Annals of political correctness

The phenomenon of political correctness is ubiquitous. Someone could write a good book about it. Dinesh D’Souza devoted his precocious first book — Illiberal Education — to the higher education branch of the subject twenty years ago. To say matters have not improved would be a considerable understatement. Chapter 7 of the book addresses the teaching of race and gender at Harvard.

To say that matters have not improved on campus would be a considerable understatement. Anyone looking to update the book might want to file away John Leo’s list of Harvard freshman reading for what appears to be some form of cultural sensitivity training. The “diversity” in which Harvard students are inculcated is the politically correct, Orwellian kind. Come to think of it, Peter Wood wrote an excellent book about such “diversity.”

While we’re in the neighborhood of Harvard, you might want to check out the Harvard Law Unbound post on “The Anti-Hero of Harvard Law School.” The site is polling the question: Who is the Anti-Kingsfield of Harvard Law School? Results aren’t final, but — spoiler warning — Laurence Tribe has a big lead.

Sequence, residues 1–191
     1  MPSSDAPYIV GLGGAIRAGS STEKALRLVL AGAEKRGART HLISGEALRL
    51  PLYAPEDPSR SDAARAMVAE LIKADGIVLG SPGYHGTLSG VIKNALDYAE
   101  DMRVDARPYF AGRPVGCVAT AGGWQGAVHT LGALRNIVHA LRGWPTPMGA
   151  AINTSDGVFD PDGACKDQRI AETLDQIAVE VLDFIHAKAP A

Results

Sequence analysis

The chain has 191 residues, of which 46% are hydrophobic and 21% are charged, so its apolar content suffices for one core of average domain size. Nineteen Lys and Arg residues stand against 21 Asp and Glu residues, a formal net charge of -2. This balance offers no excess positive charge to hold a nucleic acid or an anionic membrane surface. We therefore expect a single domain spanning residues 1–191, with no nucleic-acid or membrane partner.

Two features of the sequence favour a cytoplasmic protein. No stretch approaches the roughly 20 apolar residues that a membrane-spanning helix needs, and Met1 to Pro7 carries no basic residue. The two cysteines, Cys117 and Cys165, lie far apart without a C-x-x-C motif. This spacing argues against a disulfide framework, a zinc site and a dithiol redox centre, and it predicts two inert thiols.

Well, cultural training has even reached the forces of the Afghan Army, and the Washington Post is pretty excited about it.

The Post reporters assert that Afghan soldiers “are still beset by a dangerous lack of cultural awareness, officials say, contributing to a string of insider attacks that have threatened to undermine the military partnership.” They don’t quote a single official who thinks that lack of cultural awareness is contributing to “a string of insider attacks.” It’s a sentence that reflects — how to put it? — the lack of cultural awareness of the Post’s own reporters.


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